Mom to Lee, Jake, Brandon, Rocco
    Stepmom to Ryan, Regan, Braden, Baley
    Granddaughters Kylie 10/18/2010 & Aleya 4/22/2013


    I never consider a difference of opinion in politics, in religion, in philosopy, as a cause for withdrawing from a friend. --Thomas Jefferson

  5. #5
    Posting Addict
    Join Date
    Dec 2005
    Posts
    5,543

    Default

    Quote Originally Posted by RebeccaA'07 View Post
    Do they require specific outfits for other defendants? No. These are no different. They don't have to look at the women in the courtroom. Unless women are dressing trashy in a way which interrupts the court proceedings, I don't see why a specific dress code be issued because a defendant "might" sin by looking at them. Stupid. I think they are trying to delay their trials.
    Exactly.

    And prayer breaks???

  6. #6
    Mega Poster elleon17's Avatar
    Join Date
    Jan 2009
    Location
    Orlando, FL
    Posts
    4,185

    Default

    Quote Originally Posted by kris_w View Post
    And prayer breaks???
    I'm actually not opposed to that part.
    Lilypie Fifth Birthday tickers
    Lilypie First Birthday tickers

  7. #7
    Posting Addict GloriaInTX's Avatar
    Join Date
    Jul 2008
    Location
    Dallas, TX
    Posts
    7,534

    Default

    Quote Originally Posted by elleon17 View Post
    I'm actually not opposed to that part.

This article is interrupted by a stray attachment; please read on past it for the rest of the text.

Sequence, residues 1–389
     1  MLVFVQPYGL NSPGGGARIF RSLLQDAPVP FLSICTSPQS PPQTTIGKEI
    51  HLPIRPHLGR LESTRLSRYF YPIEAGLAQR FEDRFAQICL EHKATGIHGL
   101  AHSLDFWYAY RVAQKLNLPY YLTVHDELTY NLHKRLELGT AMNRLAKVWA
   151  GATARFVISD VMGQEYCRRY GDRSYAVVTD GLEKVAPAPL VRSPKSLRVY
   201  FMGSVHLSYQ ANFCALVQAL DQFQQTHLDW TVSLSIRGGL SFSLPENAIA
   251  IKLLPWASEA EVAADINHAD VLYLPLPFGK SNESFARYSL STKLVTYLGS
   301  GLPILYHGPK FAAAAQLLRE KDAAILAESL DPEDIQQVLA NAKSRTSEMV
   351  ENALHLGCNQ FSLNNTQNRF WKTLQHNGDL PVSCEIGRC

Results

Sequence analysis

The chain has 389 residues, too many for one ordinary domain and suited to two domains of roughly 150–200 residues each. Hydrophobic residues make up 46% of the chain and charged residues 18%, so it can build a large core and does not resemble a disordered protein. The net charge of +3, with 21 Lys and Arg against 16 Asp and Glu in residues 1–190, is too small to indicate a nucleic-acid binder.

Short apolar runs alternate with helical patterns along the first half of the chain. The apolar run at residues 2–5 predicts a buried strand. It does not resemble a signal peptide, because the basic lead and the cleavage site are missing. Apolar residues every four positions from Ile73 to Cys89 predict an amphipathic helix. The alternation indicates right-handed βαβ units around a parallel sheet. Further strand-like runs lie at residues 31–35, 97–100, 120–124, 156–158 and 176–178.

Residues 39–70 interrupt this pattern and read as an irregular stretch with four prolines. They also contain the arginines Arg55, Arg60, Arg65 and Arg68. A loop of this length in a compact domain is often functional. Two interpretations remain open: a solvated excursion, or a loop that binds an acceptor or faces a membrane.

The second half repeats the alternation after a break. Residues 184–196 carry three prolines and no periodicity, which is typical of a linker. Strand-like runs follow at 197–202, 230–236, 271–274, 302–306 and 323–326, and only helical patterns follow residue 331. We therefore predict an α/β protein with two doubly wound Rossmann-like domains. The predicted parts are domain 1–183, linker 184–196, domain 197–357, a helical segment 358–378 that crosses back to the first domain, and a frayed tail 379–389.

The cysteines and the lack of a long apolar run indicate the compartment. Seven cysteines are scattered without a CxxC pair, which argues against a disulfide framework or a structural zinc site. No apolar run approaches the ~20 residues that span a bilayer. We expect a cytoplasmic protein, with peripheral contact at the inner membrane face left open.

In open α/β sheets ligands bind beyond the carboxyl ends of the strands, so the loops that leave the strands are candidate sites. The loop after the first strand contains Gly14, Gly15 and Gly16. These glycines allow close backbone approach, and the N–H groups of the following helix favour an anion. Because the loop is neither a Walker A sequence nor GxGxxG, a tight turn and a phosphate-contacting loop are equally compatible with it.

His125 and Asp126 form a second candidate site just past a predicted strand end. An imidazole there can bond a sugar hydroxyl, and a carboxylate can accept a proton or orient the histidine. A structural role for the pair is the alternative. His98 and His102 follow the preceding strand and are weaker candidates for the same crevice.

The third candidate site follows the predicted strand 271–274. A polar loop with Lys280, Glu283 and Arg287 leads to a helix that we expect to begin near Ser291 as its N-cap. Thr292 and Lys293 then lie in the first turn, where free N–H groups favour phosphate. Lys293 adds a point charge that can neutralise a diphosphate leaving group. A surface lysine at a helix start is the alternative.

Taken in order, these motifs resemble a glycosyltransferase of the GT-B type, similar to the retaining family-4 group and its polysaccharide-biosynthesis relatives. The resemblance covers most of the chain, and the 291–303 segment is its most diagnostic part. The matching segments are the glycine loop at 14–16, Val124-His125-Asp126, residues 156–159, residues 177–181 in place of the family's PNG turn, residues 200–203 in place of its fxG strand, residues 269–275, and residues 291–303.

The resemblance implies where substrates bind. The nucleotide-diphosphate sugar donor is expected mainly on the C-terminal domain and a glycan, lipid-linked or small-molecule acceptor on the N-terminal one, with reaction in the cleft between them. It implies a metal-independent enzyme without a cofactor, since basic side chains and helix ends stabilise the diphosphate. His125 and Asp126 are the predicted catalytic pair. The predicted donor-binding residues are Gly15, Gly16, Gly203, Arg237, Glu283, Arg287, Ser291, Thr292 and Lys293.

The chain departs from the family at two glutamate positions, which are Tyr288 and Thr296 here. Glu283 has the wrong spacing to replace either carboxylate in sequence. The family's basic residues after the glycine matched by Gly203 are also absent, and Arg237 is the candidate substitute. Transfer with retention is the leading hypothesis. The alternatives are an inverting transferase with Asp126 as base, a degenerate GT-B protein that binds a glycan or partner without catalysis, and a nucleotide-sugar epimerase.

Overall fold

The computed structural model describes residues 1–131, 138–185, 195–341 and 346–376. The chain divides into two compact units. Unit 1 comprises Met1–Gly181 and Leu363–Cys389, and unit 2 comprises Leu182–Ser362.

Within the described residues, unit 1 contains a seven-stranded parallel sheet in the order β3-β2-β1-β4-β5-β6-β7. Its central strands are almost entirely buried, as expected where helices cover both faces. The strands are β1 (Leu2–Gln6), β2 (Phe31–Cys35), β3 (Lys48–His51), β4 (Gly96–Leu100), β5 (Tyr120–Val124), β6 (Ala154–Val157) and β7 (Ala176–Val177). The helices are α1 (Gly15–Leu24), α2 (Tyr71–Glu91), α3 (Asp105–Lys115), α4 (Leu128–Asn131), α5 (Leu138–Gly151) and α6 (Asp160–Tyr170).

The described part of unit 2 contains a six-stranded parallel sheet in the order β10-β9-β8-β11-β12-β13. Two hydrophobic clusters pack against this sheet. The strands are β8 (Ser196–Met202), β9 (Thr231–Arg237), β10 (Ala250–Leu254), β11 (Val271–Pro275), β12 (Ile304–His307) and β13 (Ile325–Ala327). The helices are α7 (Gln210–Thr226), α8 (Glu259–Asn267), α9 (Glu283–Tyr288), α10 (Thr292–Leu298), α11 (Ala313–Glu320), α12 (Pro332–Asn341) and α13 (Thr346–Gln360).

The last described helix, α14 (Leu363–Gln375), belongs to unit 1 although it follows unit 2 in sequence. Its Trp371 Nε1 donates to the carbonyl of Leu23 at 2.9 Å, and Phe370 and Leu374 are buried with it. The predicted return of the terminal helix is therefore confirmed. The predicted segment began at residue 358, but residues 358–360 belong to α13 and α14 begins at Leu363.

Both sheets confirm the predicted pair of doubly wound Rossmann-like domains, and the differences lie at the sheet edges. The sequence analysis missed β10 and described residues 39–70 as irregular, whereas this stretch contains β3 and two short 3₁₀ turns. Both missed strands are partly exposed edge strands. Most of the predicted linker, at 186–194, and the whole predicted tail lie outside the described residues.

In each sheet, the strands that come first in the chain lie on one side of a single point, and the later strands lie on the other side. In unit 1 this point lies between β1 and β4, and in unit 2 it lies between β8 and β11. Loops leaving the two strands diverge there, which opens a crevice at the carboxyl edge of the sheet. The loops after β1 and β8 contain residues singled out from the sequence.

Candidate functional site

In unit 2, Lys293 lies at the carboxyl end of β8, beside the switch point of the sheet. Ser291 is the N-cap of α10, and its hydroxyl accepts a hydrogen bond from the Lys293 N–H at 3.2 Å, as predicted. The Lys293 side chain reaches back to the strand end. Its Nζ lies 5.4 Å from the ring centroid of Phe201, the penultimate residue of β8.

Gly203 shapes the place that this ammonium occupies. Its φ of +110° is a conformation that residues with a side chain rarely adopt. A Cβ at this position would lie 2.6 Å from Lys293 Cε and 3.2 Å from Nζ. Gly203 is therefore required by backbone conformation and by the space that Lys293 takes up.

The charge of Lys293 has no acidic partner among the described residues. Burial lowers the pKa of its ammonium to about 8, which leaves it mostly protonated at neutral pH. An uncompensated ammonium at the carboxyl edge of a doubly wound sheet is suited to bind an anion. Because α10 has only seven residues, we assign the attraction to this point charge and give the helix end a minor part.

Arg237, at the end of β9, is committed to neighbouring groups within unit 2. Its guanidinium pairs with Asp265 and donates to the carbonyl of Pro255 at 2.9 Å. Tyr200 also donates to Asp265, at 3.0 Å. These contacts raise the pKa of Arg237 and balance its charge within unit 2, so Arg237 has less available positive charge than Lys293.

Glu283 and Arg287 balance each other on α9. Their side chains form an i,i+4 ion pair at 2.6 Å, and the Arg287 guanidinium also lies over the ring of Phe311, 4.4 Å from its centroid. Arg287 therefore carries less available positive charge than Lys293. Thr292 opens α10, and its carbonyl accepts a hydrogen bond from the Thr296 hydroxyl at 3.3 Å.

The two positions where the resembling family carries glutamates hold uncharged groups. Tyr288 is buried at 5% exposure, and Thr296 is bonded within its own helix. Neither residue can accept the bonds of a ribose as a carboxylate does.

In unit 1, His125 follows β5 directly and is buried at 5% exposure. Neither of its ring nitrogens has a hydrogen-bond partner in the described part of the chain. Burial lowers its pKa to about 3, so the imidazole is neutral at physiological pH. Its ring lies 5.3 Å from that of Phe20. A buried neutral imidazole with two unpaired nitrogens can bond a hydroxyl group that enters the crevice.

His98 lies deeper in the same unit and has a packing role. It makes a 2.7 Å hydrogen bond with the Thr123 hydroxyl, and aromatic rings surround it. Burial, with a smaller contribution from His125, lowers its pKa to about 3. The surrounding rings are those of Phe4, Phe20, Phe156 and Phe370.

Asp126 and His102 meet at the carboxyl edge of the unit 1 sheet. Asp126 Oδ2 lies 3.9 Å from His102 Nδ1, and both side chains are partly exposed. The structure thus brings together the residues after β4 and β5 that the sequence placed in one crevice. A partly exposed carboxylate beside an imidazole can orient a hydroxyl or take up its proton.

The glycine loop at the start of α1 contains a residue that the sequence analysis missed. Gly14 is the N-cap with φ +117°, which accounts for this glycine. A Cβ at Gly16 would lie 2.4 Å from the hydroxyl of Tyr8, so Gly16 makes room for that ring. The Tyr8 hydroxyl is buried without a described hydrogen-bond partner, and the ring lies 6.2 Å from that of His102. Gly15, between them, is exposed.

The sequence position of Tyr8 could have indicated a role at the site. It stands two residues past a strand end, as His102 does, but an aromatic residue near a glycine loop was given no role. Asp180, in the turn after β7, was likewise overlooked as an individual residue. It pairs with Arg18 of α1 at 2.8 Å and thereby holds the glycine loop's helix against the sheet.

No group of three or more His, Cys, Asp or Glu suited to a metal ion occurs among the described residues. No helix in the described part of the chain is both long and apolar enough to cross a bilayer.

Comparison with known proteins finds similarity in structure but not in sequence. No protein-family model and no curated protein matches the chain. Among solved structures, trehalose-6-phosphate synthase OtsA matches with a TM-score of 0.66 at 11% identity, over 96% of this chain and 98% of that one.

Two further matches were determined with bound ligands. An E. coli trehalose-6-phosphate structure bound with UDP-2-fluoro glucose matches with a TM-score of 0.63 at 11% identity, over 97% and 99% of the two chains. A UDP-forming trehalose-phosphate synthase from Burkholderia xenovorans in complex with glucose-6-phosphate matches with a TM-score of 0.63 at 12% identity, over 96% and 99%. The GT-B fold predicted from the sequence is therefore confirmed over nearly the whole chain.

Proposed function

I don't think they were talking about standardized prayer breaks at specific times. They were deliberately interupting in the middle of the proceedings to get down and pray.
    Mom to Lee, Jake, Brandon, Rocco
    Stepmom to Ryan, Regan, Braden, Baley
    Granddaughters Kylie 10/18/2010 & Aleya 4/22/2013


    I never consider a difference of opinion in politics, in religion, in philosopy, as a cause for withdrawing from a friend. --Thomas Jefferson

  8. #8
    Posting Addict boilermaker's Avatar
    Join Date
    Aug 2002
    Location
    Rocky Mtns.
    Posts
    19,380

    Default

    I've been thinking about this-- and I don't know the "right" answer.

    But having worked with Muslims over the years, I can appreciate the request for prayer breaks (they pray a lot and at specific times of the day.) I can understand why their defense attorney dressed in the way that made her clients most comfortable, but that was likely the only way that she could really have conversations and meaningful dialogue with them.